Shannon class lifeboat trialled successfully at Clacton
Trials of an all-weather lifeboat (ALB) at Clacton-on-Sea, as part preparations for the lifeboat station receiving a new Shannon class, have proved successful.
A Lifesaving Effect Review (LSER) identified that Clacton-on-Sea is the best place for a Shannon to be positioned and improves the overall lifesaving effect for this part of the coast.
Trials of this nature are vital to assess any challenges and overcome them to ensure the vital kit is safely transported into the town.
Shannon Storm Rider was brought to the beach at Clacton from Lowestoft and launched and recovered from the lifeboat station across three days.
Dave Wells, Lifeboat Operations Manager (LOM) at RNLI Clacton, said: ‘It’s been an exciting few days to see a Shannon on the beach here – as well as a steep learning curve to understand how it will manoeuvre around our lifeboat station, our roads and the beach.
‘The crew were pleased to get chance to get up close to a lifeboat like the one that will be coming here and understand what it will take to launch and recover it to save lives at sea from Clacton-on-Sea.
‘Storm Rider is much bigger than our current biggest boat – Atlantic 85 David Porter MPS – so this gave us essential knowledge to understand what we will need here in the coming months and years to provide the most effective service.’
The Shannon came down from Lowestoft on the evening of Tuesday 18 July and its launch and recovery system came by road to Clacton-on-Sea.
The 37-tonne Shannon launch and recovery system (SLARS) acts like a mobile slipway for the lifeboat, which can be driven directly onto the beach for recovery. It can carry an 18-tonne Shannon over all kinds of beach terrain, from steep shelving shingle to wet, sticky sand.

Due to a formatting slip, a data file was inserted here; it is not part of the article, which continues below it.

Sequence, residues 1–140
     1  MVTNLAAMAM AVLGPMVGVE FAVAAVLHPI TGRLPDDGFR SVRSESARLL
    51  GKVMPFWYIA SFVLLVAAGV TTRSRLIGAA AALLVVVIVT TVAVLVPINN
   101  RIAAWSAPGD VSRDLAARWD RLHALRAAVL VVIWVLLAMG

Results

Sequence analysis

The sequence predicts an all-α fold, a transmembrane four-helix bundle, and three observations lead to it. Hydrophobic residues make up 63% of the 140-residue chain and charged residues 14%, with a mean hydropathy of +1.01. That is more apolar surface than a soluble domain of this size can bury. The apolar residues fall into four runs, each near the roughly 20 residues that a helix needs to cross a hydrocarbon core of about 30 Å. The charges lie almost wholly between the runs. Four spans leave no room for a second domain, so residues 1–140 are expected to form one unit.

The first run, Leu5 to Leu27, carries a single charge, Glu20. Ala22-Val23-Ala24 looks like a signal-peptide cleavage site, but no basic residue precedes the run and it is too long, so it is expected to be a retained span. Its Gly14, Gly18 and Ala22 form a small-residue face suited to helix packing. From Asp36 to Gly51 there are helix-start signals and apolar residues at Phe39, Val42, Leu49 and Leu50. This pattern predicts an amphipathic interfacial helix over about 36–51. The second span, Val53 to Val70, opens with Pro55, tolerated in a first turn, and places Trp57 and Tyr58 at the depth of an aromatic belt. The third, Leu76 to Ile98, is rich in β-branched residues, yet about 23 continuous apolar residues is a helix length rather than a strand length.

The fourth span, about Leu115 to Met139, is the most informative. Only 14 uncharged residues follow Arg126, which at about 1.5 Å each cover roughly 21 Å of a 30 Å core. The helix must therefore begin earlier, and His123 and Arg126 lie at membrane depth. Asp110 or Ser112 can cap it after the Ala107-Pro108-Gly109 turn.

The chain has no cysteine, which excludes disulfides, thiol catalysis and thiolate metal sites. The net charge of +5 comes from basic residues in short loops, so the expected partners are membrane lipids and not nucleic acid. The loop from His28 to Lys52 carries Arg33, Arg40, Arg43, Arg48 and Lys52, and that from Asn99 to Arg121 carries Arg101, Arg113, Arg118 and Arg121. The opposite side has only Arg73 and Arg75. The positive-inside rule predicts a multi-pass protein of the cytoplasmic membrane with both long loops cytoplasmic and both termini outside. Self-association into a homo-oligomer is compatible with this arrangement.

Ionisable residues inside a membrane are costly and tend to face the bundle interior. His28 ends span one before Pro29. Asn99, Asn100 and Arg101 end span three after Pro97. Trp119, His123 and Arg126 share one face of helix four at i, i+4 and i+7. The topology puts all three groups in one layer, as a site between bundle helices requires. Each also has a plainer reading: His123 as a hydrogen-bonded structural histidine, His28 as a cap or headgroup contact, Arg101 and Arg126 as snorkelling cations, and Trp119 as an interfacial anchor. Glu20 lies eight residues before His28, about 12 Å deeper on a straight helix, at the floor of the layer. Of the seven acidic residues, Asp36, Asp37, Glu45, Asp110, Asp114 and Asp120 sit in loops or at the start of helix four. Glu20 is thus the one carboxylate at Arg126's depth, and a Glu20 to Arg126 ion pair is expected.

Across the days the trials took place, different locations to store the Shannon and SLARS were identified and tested, the SLARS took Storm Rider onto the beach, and the lifeboat was launched and recovered several times.
Crew members from Clacton-on-Sea will now begin undertaking regular training in the lead up to the Shannon arriving at the lifeboat station.
There will be opportunities for new people to join the station and become part of the team, both seagoing and shore crew, as the new Shannon arrives, and you can find out more by visiting the station or going to https://rnli.org/support-us/volunteer/how-you-can-volunteer/be-a-lifeboat-station-volunteer
Key facts about the RNLI
The RNLI charity saves lives at sea. Its volunteers provide a 24-hour search and rescue service around the United Kingdom and Republic of Ireland coasts. The RNLI operates 238 lifeboat stations in the UK and Ireland and more than 240 lifeguard units on beaches around the UK and Channel Islands. The RNLI is independent of Coastguard and government and depends on voluntary donations and legacies to maintain its rescue service. Since the RNLI was founded in 1824, its lifeboat crews and lifeguards have saved over 142,700 lives.
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